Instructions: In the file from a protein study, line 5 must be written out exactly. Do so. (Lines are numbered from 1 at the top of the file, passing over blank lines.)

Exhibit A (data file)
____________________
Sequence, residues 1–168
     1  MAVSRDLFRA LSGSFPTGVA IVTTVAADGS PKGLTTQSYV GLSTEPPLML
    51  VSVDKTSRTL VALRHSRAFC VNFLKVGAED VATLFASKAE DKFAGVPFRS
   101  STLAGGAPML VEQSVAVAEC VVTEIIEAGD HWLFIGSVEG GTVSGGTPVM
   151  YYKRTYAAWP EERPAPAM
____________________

   151  YYKRTYAAWP EERPAPAM